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La Palma OIG Report, Feb 2022

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February 17, 2022

The Honorable Alejandro Mayorkas
Secretary of Homeland Security
U.S. Department of Homeland Security
3801 Nebraska Ave. NW
Washington, D.C. 20016

Mr. Tae D. Johnson
Acting Director
U.S. Immigration and Customs Enforcement
500 12th Street, SW
Washington, D.C. 20536

Dear Secretary Mayorkas and Acting Director Johnson:

As you are aware, on March 30, 2021, the Department of Homeland Security Office of
Inspector General (OIG) released a report outlining violations of detention standards at the
La Palma Correctional Center in Eloy, Arizona. 1 We welcomed the news of this report
given that La Palma has an abhorrent history of mistreatment and abuse. However, almost
a year later, we write to express our concerns regarding the implementations of those
recommendations especially as they relate to medical care access, solitary confinement
practices and providing detainees in segregation with access to activities and services
outlined in the 2011 Performance-Based National Detention Standards (2011 PBNDS). We
request that a full investigation is completed to ensure that individuals are not being
deprived of their rights and that the 2011 PBNDS are being upheld.
This is a timely investigation as Governor Ducey recently announced a contract to transfer
individuals to La Palma under the care of CoreCivic, a private prison company. Arizona is
set to transfer 2,706 individuals.2 It is imperative that La Palma rectifies its detention
standard violations before accepting an influx of individuals that may be susceptible to the
same mistreatment and denied critical care and services. For those reasons, we ask that you
conduct a full investigation and work in good faith to implement the recommendations
outlined by the OIG report that remain unresolved.
There are two areas of concern that we request your immediate attention to including
access to critical services and care for segregated individuals. According to the OIG report,
“the facility was not consistently providing required care, including no exchange of laundry
and soiled bedding and clothing, no legal materials, no haircuts, limited recreation, no


access to the commissary for detainees who are in administrative segregation, and no
masks in response to COVID-19.”
The second area of concern is regarding medical care access and solitary confinement
practices We are sharing an account obtained by a nongovernmental organization that
conducts work with individuals previously detained at La Palma to highlight some of these
deficiencies in care and treatment.
“A father who had been living in the US for 20 years before ICE detained him
reported that during his 4.5 months in detention, he was denied medical attention
multiple times at La Palma Correctional Center (LPCC) in Eloy, AZ. A week after
he was detained, he reported urinary tract infection symptoms to a guard, who
assured him he would be seen by a doctor but did not follow up. It was not until 4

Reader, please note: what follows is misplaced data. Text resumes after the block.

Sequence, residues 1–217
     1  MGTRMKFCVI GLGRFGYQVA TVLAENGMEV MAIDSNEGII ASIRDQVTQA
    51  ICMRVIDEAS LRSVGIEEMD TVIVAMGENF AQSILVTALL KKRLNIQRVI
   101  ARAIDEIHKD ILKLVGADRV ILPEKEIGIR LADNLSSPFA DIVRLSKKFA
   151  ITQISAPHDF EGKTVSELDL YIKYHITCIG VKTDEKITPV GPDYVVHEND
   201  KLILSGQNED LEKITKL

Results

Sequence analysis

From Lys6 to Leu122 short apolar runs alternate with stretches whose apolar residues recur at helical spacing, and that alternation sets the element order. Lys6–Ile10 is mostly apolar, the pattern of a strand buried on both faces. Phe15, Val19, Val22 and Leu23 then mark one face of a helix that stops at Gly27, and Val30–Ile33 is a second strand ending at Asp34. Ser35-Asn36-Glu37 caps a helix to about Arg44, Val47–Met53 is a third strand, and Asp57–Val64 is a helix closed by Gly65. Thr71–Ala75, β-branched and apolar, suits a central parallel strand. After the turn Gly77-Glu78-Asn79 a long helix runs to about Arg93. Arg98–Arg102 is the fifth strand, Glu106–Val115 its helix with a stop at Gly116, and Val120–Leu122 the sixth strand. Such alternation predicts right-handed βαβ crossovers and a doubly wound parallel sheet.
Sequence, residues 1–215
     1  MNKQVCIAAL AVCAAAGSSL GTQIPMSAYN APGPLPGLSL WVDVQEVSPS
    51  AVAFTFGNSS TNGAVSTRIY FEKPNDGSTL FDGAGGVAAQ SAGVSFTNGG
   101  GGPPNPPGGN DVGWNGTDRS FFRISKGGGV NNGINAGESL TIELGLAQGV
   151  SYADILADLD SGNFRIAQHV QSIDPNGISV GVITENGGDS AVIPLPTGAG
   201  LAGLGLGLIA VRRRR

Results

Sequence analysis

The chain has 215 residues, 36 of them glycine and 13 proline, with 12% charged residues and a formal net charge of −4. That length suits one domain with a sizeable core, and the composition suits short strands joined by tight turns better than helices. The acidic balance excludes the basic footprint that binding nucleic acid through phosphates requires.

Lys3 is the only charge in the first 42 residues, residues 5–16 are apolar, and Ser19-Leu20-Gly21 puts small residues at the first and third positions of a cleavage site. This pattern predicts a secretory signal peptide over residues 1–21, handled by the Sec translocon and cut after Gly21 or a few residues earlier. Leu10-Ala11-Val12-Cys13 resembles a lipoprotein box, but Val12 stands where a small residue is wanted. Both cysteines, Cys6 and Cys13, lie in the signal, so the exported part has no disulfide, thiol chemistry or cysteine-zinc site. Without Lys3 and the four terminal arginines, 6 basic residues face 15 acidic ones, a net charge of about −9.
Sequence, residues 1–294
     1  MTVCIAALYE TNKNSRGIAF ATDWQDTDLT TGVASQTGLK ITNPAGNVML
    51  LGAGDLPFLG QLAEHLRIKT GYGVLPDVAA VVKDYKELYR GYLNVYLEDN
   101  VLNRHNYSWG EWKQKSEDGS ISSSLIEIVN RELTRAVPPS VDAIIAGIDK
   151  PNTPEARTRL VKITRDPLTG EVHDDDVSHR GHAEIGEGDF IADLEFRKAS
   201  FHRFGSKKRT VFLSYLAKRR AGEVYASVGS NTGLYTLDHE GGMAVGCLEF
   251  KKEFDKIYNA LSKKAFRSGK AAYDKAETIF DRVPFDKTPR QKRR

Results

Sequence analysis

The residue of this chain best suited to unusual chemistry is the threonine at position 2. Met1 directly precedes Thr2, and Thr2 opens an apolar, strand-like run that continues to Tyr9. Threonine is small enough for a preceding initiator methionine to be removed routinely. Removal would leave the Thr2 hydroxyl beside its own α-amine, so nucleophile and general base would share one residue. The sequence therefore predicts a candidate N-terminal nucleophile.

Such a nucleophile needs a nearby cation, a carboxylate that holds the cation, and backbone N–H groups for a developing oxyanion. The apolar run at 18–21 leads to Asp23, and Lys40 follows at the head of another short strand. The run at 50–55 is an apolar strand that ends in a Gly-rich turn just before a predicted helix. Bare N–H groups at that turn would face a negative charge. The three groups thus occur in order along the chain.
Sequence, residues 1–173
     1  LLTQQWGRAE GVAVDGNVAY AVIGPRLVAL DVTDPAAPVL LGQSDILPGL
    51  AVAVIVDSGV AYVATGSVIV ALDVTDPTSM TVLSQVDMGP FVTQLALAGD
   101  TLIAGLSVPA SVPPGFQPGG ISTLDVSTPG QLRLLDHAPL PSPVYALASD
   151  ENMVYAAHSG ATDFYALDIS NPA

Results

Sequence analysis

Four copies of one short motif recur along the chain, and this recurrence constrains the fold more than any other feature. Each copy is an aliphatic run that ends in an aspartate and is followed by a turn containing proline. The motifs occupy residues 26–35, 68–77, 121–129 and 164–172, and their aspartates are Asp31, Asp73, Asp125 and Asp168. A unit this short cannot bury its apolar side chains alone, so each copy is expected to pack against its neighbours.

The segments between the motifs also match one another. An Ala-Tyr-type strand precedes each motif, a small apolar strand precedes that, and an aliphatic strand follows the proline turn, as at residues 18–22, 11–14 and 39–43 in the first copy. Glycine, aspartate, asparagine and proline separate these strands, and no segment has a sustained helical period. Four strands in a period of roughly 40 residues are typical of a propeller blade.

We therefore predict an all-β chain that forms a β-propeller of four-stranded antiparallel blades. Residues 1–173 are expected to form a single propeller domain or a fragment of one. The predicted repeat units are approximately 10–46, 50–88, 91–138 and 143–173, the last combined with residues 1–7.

days later, when the man’s symptoms had worsened and he pleaded with another
guard, that he finally received treatment for the infection. Soon after, he suffered a
fall down the stairs during which he twisted his ankle and injured his knee to the
point that he was unable to walk. The others who were detained with him insisted
that no one try to help him get up because if they did, the medics would not come.
Medical personnel in the facility tried to force the man to walk on his injured leg
several times. The guards decided to respond to his injury by putting him in solitary
confinement in a cell that had blood on the walls. When he requested that the cell
be cleaned, the guard responded that he would not get out of that cell until he could
walk. He was held in solitary confinement for 12 days due to his injury, during
which the cell was never cleaned, and he was not allowed to leave the cell. After
that experience, he chose not to report other illnesses for fear of being sent to
solitary confinement again.”
Not only was this individual denied timely medical care, but he was placed in solitary
confinement because of his legitimate grievances. Unfortunately, this account is consistent
with the findings of the OIG report, which found La Palma did not provide timely care to
detainees making sick call requests and concluded that “waiting days or weeks to provide
medical care to detainees for acute sick call issues violates the standard for timely followup to detainee health needs.” 3 We ask that you carefully revisit detainee medical care
access and solitary confinement practices.
We once again reiterate our concerns over the treatment of individuals at La Palma and
hope you work to resolve the urgent pending recommendations made by the OIG report.
There is no reasonable justification to increase the number of individuals housed at La
Palma until these pending issues are resolved. We look forward to a full investigation and
implementation of all recommendations outlined.
Thank you for your attention to this matter.



Raúl M. Grijalva
Member of Congress

Greg Stanton
Member of Congress

Ruben Gallego
Member of Congress

Ann Kirkpatrick
Member of Congress

Tom O’Halleran
Member of Congress